Jon Davis - Expose

Imaginary Mountains​ music was born in the middle of the french lockdown in March 2020 ; as the COVID spread in the country of France and all over the world, everyone was quarantined, gigs cancelled, and weekly rehearsals became impossible.

So Camille Petit and Xavier Gélard, ​Ghost Rhythms​’ leaders, decided to try to make, like many musicians, music even if distance complicated things, and to record at home.

This slight frontier between imagination and reality - as more that one explorer, like the young Raymond Maufrais, devoted his life to find those mountains, that only existed on paper - proved to be a perfect frame for Ghost Rhythms’ new compositions, which were to explore the way dreams, thoughts and concepts shape our reality.

As a record, Imaginary Mountains signs Camille Petit and Xavier Gélard’s collaborative writing return. Their work was highly praised when their cinematic album, ​Madeleine, was released in 2015. The pair’s strong interaction shows again in the variety of musical forms, choice of timbres, and cohesiveness.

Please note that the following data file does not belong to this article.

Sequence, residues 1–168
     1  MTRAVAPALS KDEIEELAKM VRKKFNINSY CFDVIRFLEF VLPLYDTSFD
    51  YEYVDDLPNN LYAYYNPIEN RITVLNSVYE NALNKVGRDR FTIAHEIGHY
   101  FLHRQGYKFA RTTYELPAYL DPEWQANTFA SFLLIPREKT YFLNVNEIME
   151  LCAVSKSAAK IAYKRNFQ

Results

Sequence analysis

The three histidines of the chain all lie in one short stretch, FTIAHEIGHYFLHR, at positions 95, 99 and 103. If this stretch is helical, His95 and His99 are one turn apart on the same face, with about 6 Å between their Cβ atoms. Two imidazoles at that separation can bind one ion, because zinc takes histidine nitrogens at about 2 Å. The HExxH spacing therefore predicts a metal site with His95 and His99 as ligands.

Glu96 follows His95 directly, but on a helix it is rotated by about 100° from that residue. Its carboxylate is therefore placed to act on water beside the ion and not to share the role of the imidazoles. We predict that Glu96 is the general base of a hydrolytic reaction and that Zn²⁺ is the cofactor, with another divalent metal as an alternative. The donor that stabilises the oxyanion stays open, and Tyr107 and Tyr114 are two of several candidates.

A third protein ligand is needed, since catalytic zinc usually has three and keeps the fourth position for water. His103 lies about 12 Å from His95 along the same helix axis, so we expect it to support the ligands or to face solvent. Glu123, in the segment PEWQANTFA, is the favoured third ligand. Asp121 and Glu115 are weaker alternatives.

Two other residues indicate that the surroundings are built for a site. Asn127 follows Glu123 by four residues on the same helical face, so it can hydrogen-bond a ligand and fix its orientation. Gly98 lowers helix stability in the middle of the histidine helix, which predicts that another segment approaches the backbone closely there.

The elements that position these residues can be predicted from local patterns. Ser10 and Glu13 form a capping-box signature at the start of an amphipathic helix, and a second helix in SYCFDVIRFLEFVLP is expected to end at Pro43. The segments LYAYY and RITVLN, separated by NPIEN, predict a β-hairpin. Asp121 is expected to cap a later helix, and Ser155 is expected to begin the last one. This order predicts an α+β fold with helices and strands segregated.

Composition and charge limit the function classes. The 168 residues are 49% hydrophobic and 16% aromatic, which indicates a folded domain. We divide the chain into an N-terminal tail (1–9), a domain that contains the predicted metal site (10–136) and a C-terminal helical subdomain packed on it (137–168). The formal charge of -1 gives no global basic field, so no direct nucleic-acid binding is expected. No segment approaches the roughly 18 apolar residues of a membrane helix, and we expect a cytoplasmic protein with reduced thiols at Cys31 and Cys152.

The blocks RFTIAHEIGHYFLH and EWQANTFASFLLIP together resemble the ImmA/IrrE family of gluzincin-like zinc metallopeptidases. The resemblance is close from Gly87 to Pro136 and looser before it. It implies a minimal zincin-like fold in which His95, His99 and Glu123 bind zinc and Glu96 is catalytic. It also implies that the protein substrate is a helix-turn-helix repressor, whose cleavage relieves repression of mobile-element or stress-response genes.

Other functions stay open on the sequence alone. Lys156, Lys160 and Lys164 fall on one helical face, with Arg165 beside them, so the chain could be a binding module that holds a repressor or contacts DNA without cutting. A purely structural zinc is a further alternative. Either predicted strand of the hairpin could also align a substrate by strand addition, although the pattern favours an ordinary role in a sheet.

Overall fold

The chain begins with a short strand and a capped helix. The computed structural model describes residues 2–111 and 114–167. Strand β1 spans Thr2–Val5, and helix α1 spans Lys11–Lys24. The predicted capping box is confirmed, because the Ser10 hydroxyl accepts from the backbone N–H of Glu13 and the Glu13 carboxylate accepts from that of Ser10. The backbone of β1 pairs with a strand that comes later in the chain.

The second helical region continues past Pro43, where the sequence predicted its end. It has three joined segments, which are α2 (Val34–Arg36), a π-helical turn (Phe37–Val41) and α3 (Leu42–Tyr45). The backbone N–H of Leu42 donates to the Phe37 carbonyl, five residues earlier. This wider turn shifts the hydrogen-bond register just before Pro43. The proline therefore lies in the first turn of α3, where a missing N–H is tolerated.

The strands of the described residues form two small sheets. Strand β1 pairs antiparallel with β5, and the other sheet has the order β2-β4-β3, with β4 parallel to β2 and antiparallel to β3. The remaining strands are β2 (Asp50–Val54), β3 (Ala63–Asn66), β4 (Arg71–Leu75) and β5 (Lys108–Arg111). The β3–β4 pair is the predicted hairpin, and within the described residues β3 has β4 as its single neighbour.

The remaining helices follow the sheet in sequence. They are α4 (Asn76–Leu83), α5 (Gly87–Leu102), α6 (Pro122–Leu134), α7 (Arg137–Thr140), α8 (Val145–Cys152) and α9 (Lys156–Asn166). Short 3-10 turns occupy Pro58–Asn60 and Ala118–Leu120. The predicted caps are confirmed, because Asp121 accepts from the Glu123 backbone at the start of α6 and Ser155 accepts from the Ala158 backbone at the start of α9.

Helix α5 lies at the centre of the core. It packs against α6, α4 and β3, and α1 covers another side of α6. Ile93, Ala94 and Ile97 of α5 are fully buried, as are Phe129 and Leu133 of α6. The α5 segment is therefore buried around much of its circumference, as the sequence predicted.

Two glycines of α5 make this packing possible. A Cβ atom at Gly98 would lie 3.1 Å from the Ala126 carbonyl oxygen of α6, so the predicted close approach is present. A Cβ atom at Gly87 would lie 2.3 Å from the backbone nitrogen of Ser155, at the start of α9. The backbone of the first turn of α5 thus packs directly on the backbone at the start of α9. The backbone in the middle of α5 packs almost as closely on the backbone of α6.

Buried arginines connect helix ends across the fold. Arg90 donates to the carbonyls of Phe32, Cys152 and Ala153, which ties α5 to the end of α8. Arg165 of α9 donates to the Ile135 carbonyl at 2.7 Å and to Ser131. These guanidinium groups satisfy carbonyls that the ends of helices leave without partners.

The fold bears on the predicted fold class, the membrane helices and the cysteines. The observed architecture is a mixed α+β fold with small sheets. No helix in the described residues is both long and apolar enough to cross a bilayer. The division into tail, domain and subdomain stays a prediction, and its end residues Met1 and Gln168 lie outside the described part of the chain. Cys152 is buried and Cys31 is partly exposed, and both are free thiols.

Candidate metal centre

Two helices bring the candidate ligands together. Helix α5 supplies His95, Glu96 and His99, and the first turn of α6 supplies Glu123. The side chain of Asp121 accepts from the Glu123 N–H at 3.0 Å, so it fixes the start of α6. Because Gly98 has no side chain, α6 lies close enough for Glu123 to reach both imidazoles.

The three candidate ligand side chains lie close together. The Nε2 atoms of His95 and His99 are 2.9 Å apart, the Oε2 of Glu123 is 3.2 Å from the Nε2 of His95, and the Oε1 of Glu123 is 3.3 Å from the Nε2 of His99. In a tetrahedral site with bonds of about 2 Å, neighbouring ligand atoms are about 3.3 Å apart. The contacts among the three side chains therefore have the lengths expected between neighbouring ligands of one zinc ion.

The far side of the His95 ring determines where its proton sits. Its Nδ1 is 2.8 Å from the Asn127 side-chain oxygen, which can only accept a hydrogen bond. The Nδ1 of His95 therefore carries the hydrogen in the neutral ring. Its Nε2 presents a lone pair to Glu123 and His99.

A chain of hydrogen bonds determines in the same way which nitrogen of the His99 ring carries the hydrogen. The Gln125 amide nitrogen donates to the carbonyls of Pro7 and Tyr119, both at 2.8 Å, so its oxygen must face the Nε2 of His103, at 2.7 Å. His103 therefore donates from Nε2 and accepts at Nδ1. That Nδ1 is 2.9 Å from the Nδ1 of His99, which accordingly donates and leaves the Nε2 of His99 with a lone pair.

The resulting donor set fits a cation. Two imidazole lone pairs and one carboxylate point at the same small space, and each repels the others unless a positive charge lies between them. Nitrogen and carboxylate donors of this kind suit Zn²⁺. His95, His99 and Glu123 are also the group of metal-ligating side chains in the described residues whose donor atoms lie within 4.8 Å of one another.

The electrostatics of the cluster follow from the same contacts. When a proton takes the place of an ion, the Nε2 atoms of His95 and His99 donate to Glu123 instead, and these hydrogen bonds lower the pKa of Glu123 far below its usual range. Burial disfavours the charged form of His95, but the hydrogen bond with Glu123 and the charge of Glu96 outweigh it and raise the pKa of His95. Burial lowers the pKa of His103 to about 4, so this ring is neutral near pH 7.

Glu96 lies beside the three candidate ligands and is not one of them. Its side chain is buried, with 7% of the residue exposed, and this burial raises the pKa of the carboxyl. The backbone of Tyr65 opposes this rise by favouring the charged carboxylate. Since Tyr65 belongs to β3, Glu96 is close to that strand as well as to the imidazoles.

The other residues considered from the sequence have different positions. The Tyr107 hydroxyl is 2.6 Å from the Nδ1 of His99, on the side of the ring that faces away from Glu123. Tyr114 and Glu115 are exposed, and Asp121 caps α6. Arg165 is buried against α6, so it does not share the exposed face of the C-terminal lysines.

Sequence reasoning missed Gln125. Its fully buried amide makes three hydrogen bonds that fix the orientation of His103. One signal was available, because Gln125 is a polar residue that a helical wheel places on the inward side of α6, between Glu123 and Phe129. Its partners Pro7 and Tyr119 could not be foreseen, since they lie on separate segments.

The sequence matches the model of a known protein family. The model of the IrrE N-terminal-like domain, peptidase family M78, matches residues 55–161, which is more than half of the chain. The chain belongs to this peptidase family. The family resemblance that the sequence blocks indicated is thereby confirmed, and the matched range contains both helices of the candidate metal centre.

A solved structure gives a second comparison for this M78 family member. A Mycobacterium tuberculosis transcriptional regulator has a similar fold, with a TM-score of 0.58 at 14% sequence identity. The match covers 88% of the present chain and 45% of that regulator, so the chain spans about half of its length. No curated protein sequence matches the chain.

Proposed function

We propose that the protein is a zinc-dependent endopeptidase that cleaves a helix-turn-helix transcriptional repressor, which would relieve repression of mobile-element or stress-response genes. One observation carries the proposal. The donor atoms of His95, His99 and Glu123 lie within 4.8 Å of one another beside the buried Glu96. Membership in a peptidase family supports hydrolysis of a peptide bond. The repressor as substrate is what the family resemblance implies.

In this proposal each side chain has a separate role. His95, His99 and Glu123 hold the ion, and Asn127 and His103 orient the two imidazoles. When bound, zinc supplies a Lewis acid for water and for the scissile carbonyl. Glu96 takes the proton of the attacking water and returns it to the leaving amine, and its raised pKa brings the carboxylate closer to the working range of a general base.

Wayside Music

Reviews: Texte

Spectral Music - 2021

Spectral Music is the second Ghost Rhythms album to be produced during the Covid times of remote recording. As with Imaginary Mountains (2020) before it, the musicians had to be recorded separately, though certainly the quality of the music doesn’t suffer. Many musicians, producers, and listeners like to talk about the magic of “musicians playing together in a room,” but in fact wonderful music can result from other processes just as well.